Doctor of Philosophy, University of Florida (2016)
Bachelor of Science, Washington and Lee University (2007)
Seung Kim, Postdoctoral Faculty Sponsor
SARS-CoV-2 infects human pancreatic beta cells and elicits beta cell impairment.
Emerging evidence points toward an intricate relationship between the pandemic of coronavirus disease 2019 (COVID-19) and diabetes. While preexisting diabetes is associated with severe COVID-19, it is unclear whether COVID-19 severity is a cause or consequence of diabetes. To mechanistically link COVID-19 to diabetes, we tested whether insulin-producing pancreatic beta cells can be infected by SARS-CoV-2 and cause beta cell depletion. We found that the SARS-CoV-2 receptor, ACE2, and related entry factors (TMPRSS2, NRP1, and TRFC) are expressed in beta cells, with selectively high expression of NRP1. We discovered that SARS-CoV-2 infects human pancreatic beta cells in patients who succumbed to COVID-19 and selectively infects human islet beta cells invitro. We demonstrated that SARS-CoV-2 infection attenuates pancreatic insulin levels and secretion and induces beta cell apoptosis, each rescued by NRP1 inhibition. Phosphoproteomic pathway analysis of infected islets indicates apoptotic beta cell signaling, similar to that observed in type 1 diabetes (T1D). In summary, our study shows SARS-CoV-2 can directly induce beta cell killing.
View details for DOI 10.1016/j.cmet.2021.05.013
View details for PubMedID 34081912
SIX2 and SIX3 coordinately regulate functional maturity and fate of human pancreatic β cells.
Genes & development
The physiological functions of many vital tissues and organs continue to mature after birth, but the genetic mechanisms governing this postnatal maturation remain an unsolved mystery. Human pancreatic β cells produce and secrete insulin in response to physiological cues like glucose, and these hallmark functions improve in the years after birth. This coincides with expression of the transcription factors SIX2 and SIX3, whose functions in native human β cells remain unknown. Here, we show that shRNA-mediated SIX2 or SIX3 suppression in human pancreatic adult islets impairs insulin secretion. However, transcriptome studies revealed that SIX2 and SIX3 regulate distinct targets. Loss of SIX2 markedly impaired expression of genes governing β-cell insulin processing and output, glucose sensing, and electrophysiology, while SIX3 loss led to inappropriate expression of genes normally expressed in fetal β cells, adult α cells, and other non-β cells. Chromatin accessibility studies identified genes directly regulated by SIX2. Moreover, β cells from diabetic humans with impaired insulin secretion also had reduced SIX2 transcript levels. Revealing how SIX2 and SIX3 govern functional maturation and maintain developmental fate in native human β cells should advance β-cell replacement and other therapeutic strategies for diabetes.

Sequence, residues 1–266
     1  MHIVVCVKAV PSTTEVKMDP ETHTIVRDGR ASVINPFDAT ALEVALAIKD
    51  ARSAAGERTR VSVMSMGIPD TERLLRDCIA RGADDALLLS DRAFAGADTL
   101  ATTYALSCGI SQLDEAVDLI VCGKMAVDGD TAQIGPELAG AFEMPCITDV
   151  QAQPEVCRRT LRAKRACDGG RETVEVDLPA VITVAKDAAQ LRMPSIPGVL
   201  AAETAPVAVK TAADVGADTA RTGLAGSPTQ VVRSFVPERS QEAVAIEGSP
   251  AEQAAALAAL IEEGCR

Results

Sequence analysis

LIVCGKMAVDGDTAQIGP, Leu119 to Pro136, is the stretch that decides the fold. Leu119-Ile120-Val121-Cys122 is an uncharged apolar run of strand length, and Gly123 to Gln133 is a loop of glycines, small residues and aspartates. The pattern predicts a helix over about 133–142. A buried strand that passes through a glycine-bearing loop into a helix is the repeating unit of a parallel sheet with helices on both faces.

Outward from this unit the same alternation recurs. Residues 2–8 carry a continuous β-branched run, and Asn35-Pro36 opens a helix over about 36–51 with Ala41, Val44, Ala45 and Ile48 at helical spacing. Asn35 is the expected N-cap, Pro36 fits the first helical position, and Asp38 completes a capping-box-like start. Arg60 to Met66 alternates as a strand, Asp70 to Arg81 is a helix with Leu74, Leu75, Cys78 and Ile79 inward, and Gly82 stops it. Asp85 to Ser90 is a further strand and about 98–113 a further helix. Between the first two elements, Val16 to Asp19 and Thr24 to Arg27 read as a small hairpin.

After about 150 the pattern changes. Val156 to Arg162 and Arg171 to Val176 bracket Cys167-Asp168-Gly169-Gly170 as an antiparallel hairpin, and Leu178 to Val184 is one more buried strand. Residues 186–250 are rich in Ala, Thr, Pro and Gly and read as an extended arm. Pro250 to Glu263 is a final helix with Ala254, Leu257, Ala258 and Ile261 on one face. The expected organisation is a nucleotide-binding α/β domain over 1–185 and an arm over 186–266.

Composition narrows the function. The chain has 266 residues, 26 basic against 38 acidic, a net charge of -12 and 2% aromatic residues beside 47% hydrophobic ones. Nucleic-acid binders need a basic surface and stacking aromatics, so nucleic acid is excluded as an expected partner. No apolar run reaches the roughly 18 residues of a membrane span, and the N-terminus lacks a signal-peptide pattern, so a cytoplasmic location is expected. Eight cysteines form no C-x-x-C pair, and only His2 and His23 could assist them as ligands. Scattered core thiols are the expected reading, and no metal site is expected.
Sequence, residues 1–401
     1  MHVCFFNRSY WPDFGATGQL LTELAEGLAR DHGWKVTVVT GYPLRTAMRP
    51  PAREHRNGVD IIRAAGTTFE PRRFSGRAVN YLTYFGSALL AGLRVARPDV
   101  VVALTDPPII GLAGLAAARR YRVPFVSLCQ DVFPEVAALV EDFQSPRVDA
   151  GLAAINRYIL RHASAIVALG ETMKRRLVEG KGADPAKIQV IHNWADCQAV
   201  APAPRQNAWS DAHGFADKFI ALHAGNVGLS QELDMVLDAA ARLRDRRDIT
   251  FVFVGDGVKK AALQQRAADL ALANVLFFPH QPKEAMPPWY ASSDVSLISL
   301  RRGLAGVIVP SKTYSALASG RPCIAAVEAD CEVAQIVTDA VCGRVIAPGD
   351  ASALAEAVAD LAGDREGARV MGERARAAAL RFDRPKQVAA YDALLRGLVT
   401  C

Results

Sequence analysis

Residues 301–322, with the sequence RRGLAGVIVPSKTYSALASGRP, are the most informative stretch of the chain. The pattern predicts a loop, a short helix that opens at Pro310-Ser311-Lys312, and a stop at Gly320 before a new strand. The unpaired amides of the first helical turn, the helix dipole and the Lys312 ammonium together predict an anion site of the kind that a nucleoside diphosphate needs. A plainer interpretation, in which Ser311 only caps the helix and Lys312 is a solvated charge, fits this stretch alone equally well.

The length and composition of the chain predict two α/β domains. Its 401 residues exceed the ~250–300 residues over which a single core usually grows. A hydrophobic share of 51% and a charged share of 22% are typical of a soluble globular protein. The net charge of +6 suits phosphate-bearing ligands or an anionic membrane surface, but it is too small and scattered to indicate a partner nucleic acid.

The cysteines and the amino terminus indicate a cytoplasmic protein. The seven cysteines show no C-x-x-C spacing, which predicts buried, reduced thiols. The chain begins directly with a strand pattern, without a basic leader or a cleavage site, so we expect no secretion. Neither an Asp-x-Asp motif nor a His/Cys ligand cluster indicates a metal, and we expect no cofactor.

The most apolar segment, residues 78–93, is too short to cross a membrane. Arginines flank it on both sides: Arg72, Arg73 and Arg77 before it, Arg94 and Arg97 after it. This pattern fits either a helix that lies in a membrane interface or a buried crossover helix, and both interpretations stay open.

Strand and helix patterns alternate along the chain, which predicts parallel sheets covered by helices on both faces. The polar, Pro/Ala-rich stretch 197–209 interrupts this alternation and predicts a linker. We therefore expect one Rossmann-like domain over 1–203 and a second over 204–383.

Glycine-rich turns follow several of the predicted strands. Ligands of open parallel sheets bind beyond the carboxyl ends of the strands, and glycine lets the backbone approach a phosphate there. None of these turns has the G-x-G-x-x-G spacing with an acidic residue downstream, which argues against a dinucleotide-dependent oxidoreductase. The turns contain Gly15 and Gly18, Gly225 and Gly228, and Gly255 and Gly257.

View details for DOI 10.1101/gad.342378.120
View details for PubMedID 33446570
Molecular and genetic regulation of pig pancreatic islet cell development.
Development (Cambridge, England)
Reliance on rodents for understanding pancreatic genetics, development and islet function could limit progress in developing interventions for human diseases like diabetes mellitus. Similarities of pancreas morphology and function suggest that porcine and human pancreas developmental biology may have useful homologies. However, little is known about pig pancreas development. To fill this knowledge gap, we investigated fetal and neonatal pig pancreas at multiple, crucial developmental stages using modern experimental approaches. Purification of islet β-, α- and δ-cells followed by transcriptome analysis (RNA-Seq) and immunohistology identified cell- and stage-specific regulation, and revealed that pig and human islet cells share characteristic features not observed in mice. Morphometric analysis also revealed endocrine cell allocation and architectural similarities between pig and human islets. Our analysis unveiled scores of signaling pathways linked to native islet β-cell functional maturation, including evidence of fetal α-cell GLP-1 production and signaling to β-cells. Thus, the findings and resources detailed here show how pig pancreatic islet studies complement other systems for understanding the developmental programs that generate functional islet cells, and that are relevant to human pancreatic diseases.
View details for DOI 10.1242/dev.186213
View details for PubMedID 34004773